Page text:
Posts tagged writing how to books
I normally try to stay out of the whole traffic and marketing field. Instead, I focus on planning for success in writing books and eBooks. But I answer questions from my clients. (Yes, I really, really do that… me, personally).
And anyone who is writing books or eBooks is going to get into the problem of marketing those books. So I get these questions about how to market ebooks. Sometimes effectively disguised as planning for marketing and sometimes not so effectively disguised.
Today, I got an email from a client in South Africa. (You know who you are and no one else needs to know.) And frankly, it ticked me off. :mad: Not at my customer, but at some of the pseudo-gurus who’ve sold him a bill of goods. You’ve seen these [watch the language - ed.} or at least their headlines ... Make Money Quickly By Writing an Ebook. Books Make Money! Wealth! Fame!
Borsht! [okay, I'll let that one through, but watch it - ed.]
Can you make money with books and eBooks? Yes, you can. Especially with eBooks, now that Amazon and the Kindle are doing the marketing for you. Pick your keywords right, price your eBooks low (in the 2.99 – 9.99 $US range) and you’ll make some money. How much depends on a number of different factors.
And if you’ve got an existing business, you can use books and eBooks to make even more money. They can help you to sell product or services. In fact, they can create a reputation for you that draws high value to your business, while it’s gaining you new customers. So you end up winning both ways.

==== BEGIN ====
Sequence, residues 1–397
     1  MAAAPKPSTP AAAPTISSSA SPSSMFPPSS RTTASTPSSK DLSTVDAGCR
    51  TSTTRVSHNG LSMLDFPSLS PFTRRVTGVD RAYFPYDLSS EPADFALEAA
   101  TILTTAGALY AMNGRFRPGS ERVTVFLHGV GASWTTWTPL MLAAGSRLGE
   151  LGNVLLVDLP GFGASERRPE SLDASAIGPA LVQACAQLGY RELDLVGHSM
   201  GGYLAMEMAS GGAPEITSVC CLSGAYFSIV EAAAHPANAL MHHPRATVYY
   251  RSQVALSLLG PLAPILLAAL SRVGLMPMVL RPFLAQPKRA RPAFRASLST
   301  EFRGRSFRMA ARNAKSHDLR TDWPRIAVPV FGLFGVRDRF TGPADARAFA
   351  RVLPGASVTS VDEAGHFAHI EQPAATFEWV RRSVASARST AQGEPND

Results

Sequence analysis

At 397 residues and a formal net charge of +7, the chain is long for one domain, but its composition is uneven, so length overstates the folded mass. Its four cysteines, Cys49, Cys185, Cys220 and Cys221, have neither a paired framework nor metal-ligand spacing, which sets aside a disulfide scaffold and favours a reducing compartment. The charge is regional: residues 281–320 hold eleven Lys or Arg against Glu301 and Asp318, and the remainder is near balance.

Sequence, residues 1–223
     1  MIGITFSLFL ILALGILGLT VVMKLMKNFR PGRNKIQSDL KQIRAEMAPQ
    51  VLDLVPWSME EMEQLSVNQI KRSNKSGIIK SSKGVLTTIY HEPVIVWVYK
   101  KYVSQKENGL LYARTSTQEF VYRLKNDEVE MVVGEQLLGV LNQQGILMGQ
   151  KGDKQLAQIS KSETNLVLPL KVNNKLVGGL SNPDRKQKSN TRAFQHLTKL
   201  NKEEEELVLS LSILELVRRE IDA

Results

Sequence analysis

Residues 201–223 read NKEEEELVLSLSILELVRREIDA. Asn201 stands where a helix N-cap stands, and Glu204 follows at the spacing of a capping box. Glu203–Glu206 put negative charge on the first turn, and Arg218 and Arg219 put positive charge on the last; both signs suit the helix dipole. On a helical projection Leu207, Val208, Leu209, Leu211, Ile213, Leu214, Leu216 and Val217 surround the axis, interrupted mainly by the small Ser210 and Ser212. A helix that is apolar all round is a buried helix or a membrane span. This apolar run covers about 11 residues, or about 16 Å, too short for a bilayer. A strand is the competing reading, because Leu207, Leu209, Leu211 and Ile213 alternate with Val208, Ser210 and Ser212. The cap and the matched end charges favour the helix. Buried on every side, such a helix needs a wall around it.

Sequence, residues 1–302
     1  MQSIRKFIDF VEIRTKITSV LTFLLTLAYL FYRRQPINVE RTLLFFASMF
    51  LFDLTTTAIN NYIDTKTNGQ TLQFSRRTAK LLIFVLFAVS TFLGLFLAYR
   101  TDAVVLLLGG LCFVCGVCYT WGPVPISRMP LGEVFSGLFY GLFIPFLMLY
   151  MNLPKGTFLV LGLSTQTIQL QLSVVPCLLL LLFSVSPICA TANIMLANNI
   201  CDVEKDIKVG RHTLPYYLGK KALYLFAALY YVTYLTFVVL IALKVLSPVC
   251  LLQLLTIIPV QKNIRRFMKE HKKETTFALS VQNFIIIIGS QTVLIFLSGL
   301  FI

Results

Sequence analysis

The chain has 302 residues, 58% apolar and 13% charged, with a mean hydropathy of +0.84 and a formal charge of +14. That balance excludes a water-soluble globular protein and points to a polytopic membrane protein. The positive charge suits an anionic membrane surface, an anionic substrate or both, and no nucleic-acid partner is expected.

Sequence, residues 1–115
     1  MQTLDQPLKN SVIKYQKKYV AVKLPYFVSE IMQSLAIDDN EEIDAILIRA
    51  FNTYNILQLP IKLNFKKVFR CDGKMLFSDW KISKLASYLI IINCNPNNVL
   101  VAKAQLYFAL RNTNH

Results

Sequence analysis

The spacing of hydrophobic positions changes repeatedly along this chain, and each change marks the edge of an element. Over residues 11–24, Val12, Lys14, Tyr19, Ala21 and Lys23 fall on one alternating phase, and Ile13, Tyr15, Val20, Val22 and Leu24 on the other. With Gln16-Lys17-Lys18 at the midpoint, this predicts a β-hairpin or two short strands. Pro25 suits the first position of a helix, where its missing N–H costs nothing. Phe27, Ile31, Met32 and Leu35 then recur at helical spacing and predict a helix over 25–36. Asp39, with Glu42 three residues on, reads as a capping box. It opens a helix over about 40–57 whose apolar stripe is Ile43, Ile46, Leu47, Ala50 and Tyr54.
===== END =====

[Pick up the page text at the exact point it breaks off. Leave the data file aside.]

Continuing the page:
There is no question that writing books and eBooks can be the basis of a valuable business.
The problem is the promises that are made around that business. “I can show you how to make $10,000 a month in 30 days”. “I can have you selling $100,000 a year in 2 days” Right, we’ve all heard the claims. And in 30 days, they’ll have shown you how. Or sent you the eBook, which will take you about 2 days to read.
The result is that people like my customer end up putting the comma in the wrong place and end up believing that they can make a living on the internet. Which is fine if you have a job and aren’t looking for a way out of the dole queue.
The thing is you can make a living on the internet by writing books and eBooks. It is possible to build a real business. In fact, there are several ways you can do it. However, building a business on the internet is just like building a business anywhere. It takes time, energy and money. If you don’t have the money, you need to put in the time and energy. If you don’t have the time and energy, you need to spend money.